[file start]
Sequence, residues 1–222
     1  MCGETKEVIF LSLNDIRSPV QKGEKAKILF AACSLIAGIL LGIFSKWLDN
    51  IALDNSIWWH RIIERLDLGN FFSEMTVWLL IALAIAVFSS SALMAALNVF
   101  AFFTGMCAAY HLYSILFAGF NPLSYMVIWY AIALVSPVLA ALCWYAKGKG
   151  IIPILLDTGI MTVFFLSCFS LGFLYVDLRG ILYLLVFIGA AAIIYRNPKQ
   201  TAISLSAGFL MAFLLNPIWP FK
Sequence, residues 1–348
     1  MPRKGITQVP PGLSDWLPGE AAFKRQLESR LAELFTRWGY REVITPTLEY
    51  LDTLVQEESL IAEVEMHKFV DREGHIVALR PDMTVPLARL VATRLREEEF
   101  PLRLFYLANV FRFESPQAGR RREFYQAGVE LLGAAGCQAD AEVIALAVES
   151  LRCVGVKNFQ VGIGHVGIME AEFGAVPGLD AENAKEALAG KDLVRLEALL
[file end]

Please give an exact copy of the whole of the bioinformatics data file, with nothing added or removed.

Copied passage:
Sequence, residues 1–222
     1  MCGETKEVIF LSLNDIRSPV QKGEKAKILF AACSLIAGIL LGIFSKWLDN
    51  IALDNSIWWH RIIERLDLGN FFSEMTVWLL IALAIAVFSS SALMAALNVF
   101  AFFTGMCAAY HLYSILFAGF NPLSYMVIWY AIALVSPVLA ALCWYAKGKG
   151  IIPILLDTGI MTVFFLSCFS LGFLYVDLRG ILYLLVFIGA AAIIYRNPKQ
   201  TAISLSAGFL MAFLLNPIWP FK
Sequence, residues 1–348
     1  MPRKGITQVP PGLSDWLPGE AAFKRQLESR LAELFTRWGY REVITPTLEY
    51  LDTLVQEESL IAEVEMHKFV DREGHIVALR PDMTVPLARL VATRLREEEF
   101  PLRLFYLANV FRFESPQAGR RREFYQAGVE LLGAAGCQAD AEVIALAVES
   151  LRCVGVKNFQ VGIGHVGIME AEFGAVPGLD AENAKEALAG KDLVRLEALL